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  • Print publication year: 2013
  • Online publication date: April 2013

5 - Deliberating Democratization with Tocqueville: The Case of East Asia

Summary

Introduction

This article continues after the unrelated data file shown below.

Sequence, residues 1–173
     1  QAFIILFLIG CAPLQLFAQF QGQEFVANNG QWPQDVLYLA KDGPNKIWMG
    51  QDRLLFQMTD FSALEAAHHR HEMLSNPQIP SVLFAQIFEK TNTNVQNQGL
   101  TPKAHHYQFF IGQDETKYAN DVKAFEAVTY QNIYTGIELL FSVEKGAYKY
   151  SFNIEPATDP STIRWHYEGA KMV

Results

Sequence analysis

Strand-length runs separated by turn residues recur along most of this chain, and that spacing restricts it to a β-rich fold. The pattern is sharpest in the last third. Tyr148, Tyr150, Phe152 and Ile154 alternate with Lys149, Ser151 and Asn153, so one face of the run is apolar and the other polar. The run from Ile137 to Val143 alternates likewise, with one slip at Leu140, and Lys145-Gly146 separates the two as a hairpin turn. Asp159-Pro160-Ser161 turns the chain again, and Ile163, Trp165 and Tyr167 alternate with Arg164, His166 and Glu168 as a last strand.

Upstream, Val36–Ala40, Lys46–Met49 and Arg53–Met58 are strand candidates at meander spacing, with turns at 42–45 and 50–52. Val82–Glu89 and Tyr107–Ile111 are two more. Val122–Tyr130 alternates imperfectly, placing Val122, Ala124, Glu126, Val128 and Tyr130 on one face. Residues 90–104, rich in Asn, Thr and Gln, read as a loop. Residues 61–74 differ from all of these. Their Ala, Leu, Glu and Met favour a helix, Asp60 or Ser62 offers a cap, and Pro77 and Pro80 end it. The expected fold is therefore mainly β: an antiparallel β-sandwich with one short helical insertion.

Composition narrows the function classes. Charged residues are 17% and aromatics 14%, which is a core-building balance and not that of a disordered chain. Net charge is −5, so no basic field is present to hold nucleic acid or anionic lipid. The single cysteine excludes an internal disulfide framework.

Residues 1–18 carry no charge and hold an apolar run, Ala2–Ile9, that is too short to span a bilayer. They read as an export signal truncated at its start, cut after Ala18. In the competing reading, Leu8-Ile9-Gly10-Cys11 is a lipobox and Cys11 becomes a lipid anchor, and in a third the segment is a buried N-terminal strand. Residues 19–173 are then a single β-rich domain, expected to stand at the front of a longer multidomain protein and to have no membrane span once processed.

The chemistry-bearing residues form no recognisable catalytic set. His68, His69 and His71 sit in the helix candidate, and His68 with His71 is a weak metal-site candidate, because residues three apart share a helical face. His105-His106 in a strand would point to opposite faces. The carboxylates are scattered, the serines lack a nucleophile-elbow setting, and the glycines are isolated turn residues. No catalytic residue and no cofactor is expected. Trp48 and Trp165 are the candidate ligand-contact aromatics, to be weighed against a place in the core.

In the millennial issue of the Journal of Democracy, public intellectuals from around the globe addressed issues affecting the future of democracy through the texts of Alexis de Tocqueville. The editors commented: “One may say with little exaggeration: We are all Tocquevilleans now.” This characterization is particularly true of scholars who study the emerging democratic politics of East Asia for two reasons. First, the theoretical point de départ of many of these scholars is eminently Tocquevillean. Just as Tocqueville combated the view of conservatives that France's aristocratic history and hierarchical religion rendered the French unfit for self-government, many theorists of democracy in East Asia struggle against the premise that patterns of paternalistic authority and popular dependency in Confucian societies prevent true democratization. However, just as Tocqueville also doubted that socioeconomic development would eventually bring freedom in its wake, directing attention instead to the uncertain political trajectory of transitional societies, many contemporary observers of Asian economic tigers argue that the fate of democracy in the region is unclear. Consolidating democracy, they argue, depends on contingent connections among modernization, political cultures, state structures, and political will. They are speaking Tocquevillean prose without knowing it. A second reason for Tocqueville's salience in this context arises from a different sort of conjoncture. Unlike other nineteenth-century theorists of the European democratic transition, who tend to reject both the form and dynamics of traditional cultures, Tocqueville's normative and rhetorical concerns align him in a particular way with a group of East Asian intellectuals who draw on the ghosts of the past to reorient the present. A consideration of Tocqueville's attempt to go beyond nostalgia and avoid self-delusion, I argue, may be instructive for East Asian theorists who share this hope.

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